Mark Krowczyk with the White pieces against Vedanth Sampath.
This fine performance placed Vedanth on board 1 for the last round against who else but Brian Wall. I think the entire club was hoping the youngster would also win or draw against the old veteran, but NM Wall was having none of that. I asked Vedanth how the game went. He said it was torture. Over the board, Mr. Wall is not known for kindness or mercy when his rating points are on the line. Clear 2nd place earned 61 dollars for the big Meanie :-) (diagram #6 and #11)
In the foreground, NM Brian Wall is playing White against Vedanth Sampath. Joel Senger has Black against Kevin Seidler.
I am glad to see Joel Senger rising off his rating floor. Getting his game back here at the Denver Chess Club. Mr. Senger took clear 3rd place with a nice last round upset win over Kevin Seidler to finish with 3.5 points and win 40 dollars. Vedanth easily won the 20 dollar Upset prize. Even with draws only counting for half the rating difference, his combined upset total was an astounding 610 points.
Ben Gurka recording his move against Alexs Bashtavenko.
Who do you suppose won the U1900 section? You may be thinking, surely Ben Gurka could not have finished in clear 1st place again. Wrong. At least he was held to a draw in the last round by, new to the DCC, Alexs Bashtavenko. Mr. Gurka said he was forced to make a perpetual to avoid losing. So that's encouraging; that he can sometimes get into a difficult position. Ben won 94 dollars with his 4.5 point score taking clear 1st place.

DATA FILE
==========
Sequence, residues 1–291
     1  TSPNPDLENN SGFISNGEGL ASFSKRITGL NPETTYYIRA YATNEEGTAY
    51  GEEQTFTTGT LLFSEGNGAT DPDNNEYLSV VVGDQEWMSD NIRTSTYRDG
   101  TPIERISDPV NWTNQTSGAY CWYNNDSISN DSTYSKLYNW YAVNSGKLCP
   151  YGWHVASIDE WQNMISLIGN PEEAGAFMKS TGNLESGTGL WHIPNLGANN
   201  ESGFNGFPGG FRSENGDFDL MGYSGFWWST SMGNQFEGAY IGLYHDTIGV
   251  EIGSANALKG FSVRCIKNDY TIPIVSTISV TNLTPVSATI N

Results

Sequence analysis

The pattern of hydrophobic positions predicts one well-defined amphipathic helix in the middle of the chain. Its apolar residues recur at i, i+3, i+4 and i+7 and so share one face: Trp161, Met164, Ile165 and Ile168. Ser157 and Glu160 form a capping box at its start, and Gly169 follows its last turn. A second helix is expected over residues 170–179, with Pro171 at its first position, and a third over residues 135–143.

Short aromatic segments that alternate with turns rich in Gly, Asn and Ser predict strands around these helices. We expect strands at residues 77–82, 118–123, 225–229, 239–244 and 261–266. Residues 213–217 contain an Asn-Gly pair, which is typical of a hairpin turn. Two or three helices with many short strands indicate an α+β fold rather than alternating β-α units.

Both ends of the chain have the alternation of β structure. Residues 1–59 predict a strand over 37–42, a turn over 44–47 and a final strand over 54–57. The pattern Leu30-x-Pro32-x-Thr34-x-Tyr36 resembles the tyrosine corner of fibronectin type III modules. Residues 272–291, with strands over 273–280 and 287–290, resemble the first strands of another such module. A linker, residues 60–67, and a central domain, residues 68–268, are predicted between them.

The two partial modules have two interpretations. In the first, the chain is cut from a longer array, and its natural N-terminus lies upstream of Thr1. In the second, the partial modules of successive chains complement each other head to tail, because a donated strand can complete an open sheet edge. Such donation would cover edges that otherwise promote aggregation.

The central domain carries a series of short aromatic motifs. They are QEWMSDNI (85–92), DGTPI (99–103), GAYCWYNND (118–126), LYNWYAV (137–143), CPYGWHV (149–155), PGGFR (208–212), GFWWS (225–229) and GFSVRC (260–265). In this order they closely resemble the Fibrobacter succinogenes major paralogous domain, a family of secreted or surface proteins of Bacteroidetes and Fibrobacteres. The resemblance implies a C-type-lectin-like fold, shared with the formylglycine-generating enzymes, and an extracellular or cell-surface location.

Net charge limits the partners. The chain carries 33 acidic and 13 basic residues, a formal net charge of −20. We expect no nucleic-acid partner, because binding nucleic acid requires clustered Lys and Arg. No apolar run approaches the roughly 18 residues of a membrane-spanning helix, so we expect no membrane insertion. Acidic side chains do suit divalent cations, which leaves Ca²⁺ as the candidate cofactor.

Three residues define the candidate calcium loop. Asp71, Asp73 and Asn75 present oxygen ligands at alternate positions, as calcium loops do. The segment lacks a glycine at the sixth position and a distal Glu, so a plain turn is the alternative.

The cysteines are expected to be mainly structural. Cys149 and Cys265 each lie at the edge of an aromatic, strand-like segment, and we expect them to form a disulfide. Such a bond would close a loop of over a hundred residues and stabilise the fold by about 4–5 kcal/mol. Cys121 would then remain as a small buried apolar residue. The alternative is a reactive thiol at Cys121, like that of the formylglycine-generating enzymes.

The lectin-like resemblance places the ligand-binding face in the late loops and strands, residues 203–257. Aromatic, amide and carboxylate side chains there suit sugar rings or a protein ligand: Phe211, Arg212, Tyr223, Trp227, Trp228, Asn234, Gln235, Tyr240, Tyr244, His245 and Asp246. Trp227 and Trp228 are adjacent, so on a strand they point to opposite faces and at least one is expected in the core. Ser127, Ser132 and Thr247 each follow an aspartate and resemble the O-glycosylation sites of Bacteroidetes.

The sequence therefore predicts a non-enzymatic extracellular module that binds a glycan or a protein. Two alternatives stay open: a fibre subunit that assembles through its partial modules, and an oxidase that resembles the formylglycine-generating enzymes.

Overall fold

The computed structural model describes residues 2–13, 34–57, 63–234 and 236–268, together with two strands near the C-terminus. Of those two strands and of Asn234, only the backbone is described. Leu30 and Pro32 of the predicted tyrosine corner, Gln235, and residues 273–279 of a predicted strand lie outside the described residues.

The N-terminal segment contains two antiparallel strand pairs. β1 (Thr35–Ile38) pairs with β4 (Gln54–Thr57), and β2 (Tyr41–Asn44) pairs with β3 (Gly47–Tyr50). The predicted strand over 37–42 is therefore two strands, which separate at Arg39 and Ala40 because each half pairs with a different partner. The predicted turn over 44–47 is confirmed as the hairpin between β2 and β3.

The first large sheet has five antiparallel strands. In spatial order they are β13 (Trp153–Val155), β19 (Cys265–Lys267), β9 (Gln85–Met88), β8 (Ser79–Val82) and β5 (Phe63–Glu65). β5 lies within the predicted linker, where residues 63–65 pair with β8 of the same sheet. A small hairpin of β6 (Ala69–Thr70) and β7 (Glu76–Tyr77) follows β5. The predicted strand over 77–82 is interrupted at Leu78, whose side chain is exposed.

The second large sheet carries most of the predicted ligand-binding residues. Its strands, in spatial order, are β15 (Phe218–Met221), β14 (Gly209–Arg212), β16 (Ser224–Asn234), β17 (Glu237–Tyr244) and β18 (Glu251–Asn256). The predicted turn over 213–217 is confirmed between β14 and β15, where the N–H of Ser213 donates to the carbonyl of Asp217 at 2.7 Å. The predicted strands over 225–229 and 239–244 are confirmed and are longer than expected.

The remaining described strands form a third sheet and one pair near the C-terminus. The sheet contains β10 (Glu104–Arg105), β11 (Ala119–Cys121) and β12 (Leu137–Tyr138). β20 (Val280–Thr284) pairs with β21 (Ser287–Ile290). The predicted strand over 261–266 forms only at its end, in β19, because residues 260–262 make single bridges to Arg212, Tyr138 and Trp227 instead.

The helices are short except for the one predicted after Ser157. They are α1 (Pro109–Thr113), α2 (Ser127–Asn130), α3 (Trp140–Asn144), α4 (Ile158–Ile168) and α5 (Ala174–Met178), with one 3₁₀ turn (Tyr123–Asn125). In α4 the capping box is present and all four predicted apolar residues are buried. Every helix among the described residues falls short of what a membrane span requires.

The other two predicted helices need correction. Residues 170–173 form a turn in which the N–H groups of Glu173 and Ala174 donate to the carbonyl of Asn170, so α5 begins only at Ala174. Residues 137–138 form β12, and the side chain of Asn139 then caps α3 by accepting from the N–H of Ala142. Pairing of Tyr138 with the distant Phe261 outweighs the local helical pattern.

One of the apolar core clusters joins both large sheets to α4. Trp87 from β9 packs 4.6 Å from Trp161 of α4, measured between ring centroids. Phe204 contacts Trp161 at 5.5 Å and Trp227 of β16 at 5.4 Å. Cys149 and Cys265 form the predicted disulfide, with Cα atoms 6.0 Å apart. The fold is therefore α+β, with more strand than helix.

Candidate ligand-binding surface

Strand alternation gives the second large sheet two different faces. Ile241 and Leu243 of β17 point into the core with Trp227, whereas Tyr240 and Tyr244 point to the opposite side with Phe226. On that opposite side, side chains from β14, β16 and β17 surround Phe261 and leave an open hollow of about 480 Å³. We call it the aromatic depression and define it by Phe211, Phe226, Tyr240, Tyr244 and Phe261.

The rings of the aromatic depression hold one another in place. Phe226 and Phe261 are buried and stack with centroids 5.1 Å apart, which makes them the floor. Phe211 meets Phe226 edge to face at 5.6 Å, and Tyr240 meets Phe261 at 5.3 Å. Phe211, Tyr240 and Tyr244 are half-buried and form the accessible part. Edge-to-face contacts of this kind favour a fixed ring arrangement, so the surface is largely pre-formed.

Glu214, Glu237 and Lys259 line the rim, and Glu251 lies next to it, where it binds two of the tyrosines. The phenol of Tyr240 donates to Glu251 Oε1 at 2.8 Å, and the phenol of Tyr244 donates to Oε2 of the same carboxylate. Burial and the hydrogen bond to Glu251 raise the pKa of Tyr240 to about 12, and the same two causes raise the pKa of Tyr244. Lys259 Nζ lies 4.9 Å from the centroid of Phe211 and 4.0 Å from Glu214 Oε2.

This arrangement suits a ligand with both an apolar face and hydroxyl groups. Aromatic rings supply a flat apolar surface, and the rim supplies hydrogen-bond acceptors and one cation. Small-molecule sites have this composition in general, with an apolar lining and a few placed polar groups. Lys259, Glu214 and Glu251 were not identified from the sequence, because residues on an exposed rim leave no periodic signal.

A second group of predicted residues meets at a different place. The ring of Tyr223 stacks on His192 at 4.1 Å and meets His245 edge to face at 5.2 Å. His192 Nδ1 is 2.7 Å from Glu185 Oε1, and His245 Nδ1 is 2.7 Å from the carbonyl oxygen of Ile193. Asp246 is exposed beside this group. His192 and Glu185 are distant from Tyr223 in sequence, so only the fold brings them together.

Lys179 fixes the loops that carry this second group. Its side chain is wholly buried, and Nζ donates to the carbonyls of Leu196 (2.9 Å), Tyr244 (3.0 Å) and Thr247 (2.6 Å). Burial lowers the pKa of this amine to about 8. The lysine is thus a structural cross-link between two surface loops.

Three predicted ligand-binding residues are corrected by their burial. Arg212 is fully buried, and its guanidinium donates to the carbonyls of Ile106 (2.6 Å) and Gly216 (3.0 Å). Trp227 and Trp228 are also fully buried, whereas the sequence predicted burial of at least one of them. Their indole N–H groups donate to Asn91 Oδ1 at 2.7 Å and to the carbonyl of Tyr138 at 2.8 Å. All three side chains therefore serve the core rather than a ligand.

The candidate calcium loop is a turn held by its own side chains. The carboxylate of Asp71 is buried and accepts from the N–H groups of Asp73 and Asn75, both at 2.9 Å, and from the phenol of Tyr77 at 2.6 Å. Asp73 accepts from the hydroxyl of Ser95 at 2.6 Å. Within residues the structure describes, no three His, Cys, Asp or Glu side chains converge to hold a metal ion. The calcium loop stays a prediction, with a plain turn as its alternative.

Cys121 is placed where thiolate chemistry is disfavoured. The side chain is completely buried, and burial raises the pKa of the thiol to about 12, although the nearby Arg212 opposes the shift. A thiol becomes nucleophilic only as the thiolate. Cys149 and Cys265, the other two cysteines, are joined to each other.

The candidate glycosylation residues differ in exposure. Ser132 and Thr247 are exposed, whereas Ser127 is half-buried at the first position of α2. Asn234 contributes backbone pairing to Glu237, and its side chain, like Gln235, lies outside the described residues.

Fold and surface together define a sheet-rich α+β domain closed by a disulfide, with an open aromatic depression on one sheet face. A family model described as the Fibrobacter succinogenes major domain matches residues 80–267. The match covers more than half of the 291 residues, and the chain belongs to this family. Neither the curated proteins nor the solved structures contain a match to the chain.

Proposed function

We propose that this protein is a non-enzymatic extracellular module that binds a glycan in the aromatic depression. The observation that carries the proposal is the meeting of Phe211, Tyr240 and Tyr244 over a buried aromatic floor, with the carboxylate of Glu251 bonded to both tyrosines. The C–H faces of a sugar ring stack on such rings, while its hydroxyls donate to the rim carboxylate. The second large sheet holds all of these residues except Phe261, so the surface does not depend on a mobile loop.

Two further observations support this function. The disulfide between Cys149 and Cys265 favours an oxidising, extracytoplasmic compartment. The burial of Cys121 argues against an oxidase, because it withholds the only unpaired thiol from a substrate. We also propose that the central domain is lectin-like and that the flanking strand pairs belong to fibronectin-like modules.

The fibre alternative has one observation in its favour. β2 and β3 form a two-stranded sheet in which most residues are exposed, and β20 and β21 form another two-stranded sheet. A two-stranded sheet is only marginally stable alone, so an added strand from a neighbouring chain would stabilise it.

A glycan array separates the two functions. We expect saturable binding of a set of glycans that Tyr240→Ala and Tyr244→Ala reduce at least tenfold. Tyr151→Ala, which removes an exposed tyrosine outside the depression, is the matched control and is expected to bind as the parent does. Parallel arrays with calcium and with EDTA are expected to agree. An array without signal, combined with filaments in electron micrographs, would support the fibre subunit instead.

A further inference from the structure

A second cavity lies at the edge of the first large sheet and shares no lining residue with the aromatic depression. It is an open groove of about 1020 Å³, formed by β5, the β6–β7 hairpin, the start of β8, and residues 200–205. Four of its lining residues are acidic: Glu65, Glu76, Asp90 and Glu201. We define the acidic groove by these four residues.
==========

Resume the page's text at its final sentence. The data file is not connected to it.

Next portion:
Rob Cernich recording his move and improving his game
I'm pleased to announce that I, along with Alex Blangy, share the combined 2nd and 3rd place prize and we each win 46 dollars and 50 cents. Would it break the bank for the DCC to round these prizes up to the nearest dollar? :-) The 20 dollar U1900 Upset prize was won by Rob Cernich, whose game is definitely improving. He won against the higher rated Norbert Martinez in the last round. I know from personnel experience that Mr. Martinez does not lose easy. All of our games from back in the day were tooth and claw. With most of them going Norbert's way. So it is good to see him playing at the DCC. Maybe I can even the score :-) (diagram #9)
In the U1500 section, I was glad to see a long time DCC player, George Peschke, share the combined 1st and 2nd place prize of 150 dollars with Robert Corboy. Mr. Peschke lost his round 1 game against Mark Fischer then won 4 straight. Mr. Corboy finished in clear 1st place last month and had 4 points after 4 rounds this month, but did not play the last round. We would like all the players to play all the rounds, but of course that is not always possible when the games are once a week. Work, family, and life sometimes gets in the way of our chess playing.
George Peschke in the blue hat is playing Tyler Bowling. In the background, Mark Fischer has the White pieces against Paul Kullback.